A frightening number of kids’ apps are spying on them. Now parents can get some help to stop it.
Do Not Track Kids was made by a dad who knows a thing or two about digital snoops: former National Security Agency researcher Patrick Jackson. Today, Jackson is the chief technology officer of Disconnect, a company that also makes privacy software used to power tracking prevention in web browsers including Mozilla’s Firefox and Microsoft’s Edge.
Making tools specifically to help parents protect children’s privacy has long been on his to-do list. Companies want kids’ data such as their locations and ways to identify their phones to target them with ads, influence impressionable young minds and try to maximize their addiction to apps.
Collecting data about children under the age of 13 without parental consent is supposed to be against the law — but that law isn’t very well enforced. More than two-thirds of the 1,000 most popular iPhone apps likely to be used by children send data to the ad industry, according to a recent study.
Do Not Track Kids works by hooking into a part of the iPhone’s operating system and literally stopping the connections apps, websites and emails make to ad companies and data brokers.
“We are different from an ad blocker, in that our point is not just to block as many ads as possible,” says Jackson. “We block ads that track you. And it turns out that many of the worst ads on the internet are tracking you.”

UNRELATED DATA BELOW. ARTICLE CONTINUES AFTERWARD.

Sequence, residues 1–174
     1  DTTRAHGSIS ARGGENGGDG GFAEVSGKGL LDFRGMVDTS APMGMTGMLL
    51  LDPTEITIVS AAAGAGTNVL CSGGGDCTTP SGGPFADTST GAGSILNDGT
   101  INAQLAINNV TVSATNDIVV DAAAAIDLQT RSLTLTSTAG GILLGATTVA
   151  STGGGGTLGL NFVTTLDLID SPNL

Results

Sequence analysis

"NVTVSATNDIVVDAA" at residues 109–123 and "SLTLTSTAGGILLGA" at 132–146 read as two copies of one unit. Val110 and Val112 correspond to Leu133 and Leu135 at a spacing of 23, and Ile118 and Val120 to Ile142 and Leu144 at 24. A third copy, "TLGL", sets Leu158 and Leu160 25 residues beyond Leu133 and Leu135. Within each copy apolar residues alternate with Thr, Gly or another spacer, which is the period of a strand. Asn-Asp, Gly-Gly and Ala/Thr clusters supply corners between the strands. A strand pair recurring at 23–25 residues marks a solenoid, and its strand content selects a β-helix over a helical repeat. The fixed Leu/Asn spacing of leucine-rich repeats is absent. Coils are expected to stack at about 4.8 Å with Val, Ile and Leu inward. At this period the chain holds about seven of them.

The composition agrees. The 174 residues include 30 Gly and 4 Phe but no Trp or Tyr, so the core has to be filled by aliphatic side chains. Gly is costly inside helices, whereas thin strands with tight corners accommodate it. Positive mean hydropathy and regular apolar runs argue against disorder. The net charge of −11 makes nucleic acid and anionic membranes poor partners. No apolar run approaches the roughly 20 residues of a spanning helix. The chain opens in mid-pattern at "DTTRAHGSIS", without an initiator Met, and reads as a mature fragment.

For example, some parents have even found sexually inappropriate ads in apps and websites made for children.
Aren’t iPhones already supposed to be private? Apple’s marketing makes a fuss about the iPhone’s ability to stop tracking, but its built-in defenses don’t go nearly as far as Do Not Track Kids. For any parent locking down an iPhone, activating Apple’s “Ask App Not To Track” setting is a worthwhile first step. But even with it on, apps still find ways to track users. Apple has said it thinks its App Store review process protects children’s privacy.
The first time you set up Do Not Track Kids, you’ll have to open up the iPhone settings and give Do Not Track Kids permission to run, under General > VPN & Device Management > DNS. After you do that once, Do Not Track Kids runs in the background, though the app offers settings you can tweak to be more or less strict on blocking connections to companies including Facebook, Google, TikTok and Snapchat.
Do Not Track Kids addresses one long-running tech parenting need, but it’s only a part of the larger effort to keep kids safe online. Because the app focuses on privacy, it doesn’t actually collect the information kids enter into apps and websites — so parents will still have to be on the lookout for threats such as predators convincing children to share their names and addresses or the impact of too much social media.
Help Desk: Making tech work for you
Help Desk is a destination built for readers looking to better understand and take control of the technology used in everyday life.
Take control: Sign up for The Tech Friend newsletter to get straight talk and advice on how to make your tech a force for good.
Tech tips to make your life easier: 10 tips and tricks to customize iOS 16 | 5 tips to make your gadget batteries last longer | How to get back control of a hacked social media account | How to avoid falling for and spreading misinformation online
Data and Privacy: A guide to every privacy setting you should change now. We have gone through the settings for the most popular (and problematic) services to give you recommendations. Google | Amazon | Facebook | Venmo | Apple | Android
Ask a question: Send the Help Desk your personal technology questions.